Bella Wilfer moves from Marilyn Monroe’s “Diamonds are a Girl’s Best Friend” to Elvis’ “Love Me Tender” as she realizes from watching Noddy Boffin’s transformation into a miser that money is not so important in life. Engaged to marry John Harmon who is thought to be dead, she seems more focused on the loss of money than sadness over the death of Harmon. In “Diamonds Are a Girl’s Best Friend,” the speaker sings, “The French are glad to die for love…But I prefer a man who loves and gives expensive jewels,” and Bella sounds just as shallow and mercenary at times. She complains to her father, “What a glimpse of wealth I had, and how it melted away, and how I am here in this ridiculous mourning–which I hate!” Fortunately, she changes as she falls for Rokesmith, which is why “Love Me Tender” is her next song. The simplicity of the song addresses her love for Harmon: “how John could love me so when I so little deserved it…but I am very grateful” (Our Mutual Friend 1267). Her dreams are no longer about money, but about being with the one she truly loves. (And who sings a better love song than Elvis?)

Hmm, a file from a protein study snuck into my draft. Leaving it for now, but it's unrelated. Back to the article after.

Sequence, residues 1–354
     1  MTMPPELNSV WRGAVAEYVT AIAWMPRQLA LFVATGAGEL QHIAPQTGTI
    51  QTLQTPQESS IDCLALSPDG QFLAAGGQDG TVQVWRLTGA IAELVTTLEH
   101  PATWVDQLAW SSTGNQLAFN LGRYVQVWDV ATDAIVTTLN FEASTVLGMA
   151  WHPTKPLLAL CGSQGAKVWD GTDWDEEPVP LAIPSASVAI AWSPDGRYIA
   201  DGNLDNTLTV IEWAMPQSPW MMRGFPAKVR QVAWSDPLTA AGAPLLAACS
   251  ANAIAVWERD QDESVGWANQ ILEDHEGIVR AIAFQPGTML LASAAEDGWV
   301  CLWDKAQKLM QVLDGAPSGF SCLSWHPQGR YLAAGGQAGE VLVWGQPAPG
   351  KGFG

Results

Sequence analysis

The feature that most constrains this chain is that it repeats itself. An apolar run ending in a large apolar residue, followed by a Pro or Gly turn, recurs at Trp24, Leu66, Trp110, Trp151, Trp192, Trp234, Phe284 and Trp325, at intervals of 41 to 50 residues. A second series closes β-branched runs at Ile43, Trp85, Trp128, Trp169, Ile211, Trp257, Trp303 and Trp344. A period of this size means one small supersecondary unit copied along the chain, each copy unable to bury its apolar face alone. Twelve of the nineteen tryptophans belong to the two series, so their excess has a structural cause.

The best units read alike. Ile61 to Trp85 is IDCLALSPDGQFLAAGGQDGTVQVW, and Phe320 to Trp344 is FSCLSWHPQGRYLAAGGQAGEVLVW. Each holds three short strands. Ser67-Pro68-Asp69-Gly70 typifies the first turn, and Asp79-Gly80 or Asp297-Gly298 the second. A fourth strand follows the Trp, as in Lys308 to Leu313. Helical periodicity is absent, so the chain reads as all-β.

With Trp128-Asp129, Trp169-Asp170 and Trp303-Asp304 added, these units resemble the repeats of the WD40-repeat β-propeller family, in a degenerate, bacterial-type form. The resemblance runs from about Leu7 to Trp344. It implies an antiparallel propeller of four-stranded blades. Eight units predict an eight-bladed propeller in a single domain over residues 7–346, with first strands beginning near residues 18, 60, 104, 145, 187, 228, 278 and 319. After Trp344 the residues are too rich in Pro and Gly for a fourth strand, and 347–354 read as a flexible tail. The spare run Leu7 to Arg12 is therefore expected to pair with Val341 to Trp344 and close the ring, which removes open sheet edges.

Ms. Lammle earns the dedication of Carly Simon’s “You’re So Vain” because she is completely full of herself to the point where she marries a man for his wealth–as he does her. She and her husband are caught up in the appearances and trappings of wealth–not to mention their scheming–that they risk what they have to get revenge. Even their exit communicates their vanity as they “walked arm-in-arm, showily enough, but without appearing to interchange a syllable” (Our Mutual Friend 1062).
So many of the characters in Our Mutual Friend, male and female, seem to tangled up in thoughts of money because they think it will make the happy. Maybe the Beatles should make a guest appearance in Victorian London for a performance of “Can’t Buy Me Love” because it is love that saves some of the characters in the end.
Charles Dickens’ female characters face all kinds of obstacles from poverty to unrequited love to desire to advance in society. When I started making the play list, I was worried that I would want to use some of the same songs for the different women, but I did not have that problem. While some female characters have similarities, there stories and the way they faced obstacles are different, and their songs highlight those differences.
Dickens, Charles. Barnaby Rudge. [E-book version]
Dickens, Charles. Bleak House. [E-book version]
Dickens, Charles. Mystery of Edwin Drood. [E-book version]
Dickens, Charles. Our Mutual Friend. [E-book version]
Dickens, Charles. Tale of Two Cities. [E-book version]
Rosenberg, Brian. “Character and Contradiction in Dickens.” Nineteenth-Century Literature 47.2 (1992): 145-63.